Another recession-friendly dim sum establishment is Little Sheep, a chain originally from Mainland China, known for its hotpot. However, on weekends from 2-4pm, there’s an all-you-can-eat dim sum special for $45 a person! Judging from the packed dining rooms, word is definitely out among the locals.

"A rose by any other name...": Chicken feet are called "phoenix claws" on most dim sum menus

"A rose by any other name...": Chicken feet are called "phoenix claws" on most dim sum menus

Upon being seated, you get an order slip where you can tick off as many dishes as you like. Mr. B and I came to this place with C/G, and he selected all the classics – cha siu bao, siu mai, ha gao, cheung fan, and chicken feet. In addition to the order sheet, there’s also a buffet table with more northern-style dim sum choices, which pleased my palate. I raided the spread at the first opportunity and came back with some Shanghai-style fried ricecakes, fried tofu cubes, and sesame balls filled with green bean paste.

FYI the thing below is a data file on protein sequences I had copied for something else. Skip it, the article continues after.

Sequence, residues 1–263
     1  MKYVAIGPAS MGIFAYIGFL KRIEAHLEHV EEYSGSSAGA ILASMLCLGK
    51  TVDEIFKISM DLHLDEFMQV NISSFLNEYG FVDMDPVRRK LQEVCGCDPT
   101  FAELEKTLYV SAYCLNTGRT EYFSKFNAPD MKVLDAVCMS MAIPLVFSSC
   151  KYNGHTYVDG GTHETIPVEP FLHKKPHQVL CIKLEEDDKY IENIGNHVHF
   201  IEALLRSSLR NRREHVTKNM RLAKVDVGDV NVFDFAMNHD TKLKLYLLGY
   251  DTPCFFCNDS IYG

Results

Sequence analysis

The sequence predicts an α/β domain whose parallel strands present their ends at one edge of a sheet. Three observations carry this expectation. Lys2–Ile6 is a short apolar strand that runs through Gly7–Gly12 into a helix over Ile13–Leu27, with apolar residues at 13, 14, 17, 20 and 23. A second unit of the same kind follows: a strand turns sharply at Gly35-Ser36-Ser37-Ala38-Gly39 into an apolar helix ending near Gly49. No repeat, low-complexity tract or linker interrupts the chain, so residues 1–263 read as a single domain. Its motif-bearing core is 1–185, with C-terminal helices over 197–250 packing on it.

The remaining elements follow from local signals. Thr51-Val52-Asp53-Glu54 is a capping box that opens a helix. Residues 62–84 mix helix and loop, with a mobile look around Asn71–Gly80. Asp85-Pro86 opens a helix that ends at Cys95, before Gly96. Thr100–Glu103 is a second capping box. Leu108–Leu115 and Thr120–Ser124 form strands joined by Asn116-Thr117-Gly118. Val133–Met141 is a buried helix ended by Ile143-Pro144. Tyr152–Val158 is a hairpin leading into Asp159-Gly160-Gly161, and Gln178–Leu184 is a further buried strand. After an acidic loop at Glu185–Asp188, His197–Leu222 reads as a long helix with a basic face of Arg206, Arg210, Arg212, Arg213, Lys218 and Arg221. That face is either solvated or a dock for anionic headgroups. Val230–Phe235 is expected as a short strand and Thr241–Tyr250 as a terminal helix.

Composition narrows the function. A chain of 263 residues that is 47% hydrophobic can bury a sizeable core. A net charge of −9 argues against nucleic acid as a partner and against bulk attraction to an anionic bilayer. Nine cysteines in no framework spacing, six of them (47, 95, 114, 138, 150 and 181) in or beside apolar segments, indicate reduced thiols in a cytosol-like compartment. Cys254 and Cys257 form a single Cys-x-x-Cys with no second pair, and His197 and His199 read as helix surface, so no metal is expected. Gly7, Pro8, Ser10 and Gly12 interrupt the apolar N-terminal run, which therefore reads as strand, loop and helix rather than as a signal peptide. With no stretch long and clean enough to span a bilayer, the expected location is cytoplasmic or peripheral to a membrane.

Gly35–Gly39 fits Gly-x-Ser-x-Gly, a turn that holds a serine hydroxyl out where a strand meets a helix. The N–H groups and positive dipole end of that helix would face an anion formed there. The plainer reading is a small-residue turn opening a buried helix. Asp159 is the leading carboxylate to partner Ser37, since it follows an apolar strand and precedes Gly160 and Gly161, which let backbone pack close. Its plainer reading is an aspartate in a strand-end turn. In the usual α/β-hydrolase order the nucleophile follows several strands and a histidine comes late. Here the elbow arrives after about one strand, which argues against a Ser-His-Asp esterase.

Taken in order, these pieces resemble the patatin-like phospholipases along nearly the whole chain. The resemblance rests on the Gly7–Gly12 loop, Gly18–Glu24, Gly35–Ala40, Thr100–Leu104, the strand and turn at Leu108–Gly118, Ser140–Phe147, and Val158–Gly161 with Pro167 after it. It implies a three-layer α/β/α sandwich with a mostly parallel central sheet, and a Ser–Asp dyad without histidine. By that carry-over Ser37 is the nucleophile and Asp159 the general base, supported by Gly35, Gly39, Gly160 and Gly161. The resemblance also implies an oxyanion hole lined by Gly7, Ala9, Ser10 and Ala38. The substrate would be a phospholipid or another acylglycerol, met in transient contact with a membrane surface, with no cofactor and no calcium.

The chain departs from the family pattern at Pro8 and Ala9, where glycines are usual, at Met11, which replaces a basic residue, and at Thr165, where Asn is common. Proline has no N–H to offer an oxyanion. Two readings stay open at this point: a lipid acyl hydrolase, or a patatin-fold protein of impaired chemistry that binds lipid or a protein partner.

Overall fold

A handful of bamboo steamers, soy-sauce-drenched plates, and teapots later, we were all in a major food coma. It’s worth mentioning that when the fluffy, steamed cha siu bao appeared, my salivatory glands automatically kicked into overdrive. And I know I deemed fried cha siu baos the best.thing.EVER., but the original version at Little Sheep reminded me there’s definitely space in the dim sum world for both.

Am I a total cheeseball if this made my day?

Am I a total cheeseball if this made my day?

PS: Little Sheep seems to only have a Chinese menu, so brush up on your food characters!

PPS: This restaurants gets major points for having little male and female sheep in Mongolian-wear on their bathroom signs.

Tim Ho Wun Dim Sum Juen Moon Dim (添好運點心專門店)
G/F, 2-20 Kwong Wah Street, Mongkok
2332 2896
Cost: ~ $70 HKD/person

Little Sheep
G/F, 1/F-4/F, Mongkok Commercial Centre, 16, 16A, and 16B Argyle Street, Mongkok
2396 8816
Cost: ~ $45 HKD/person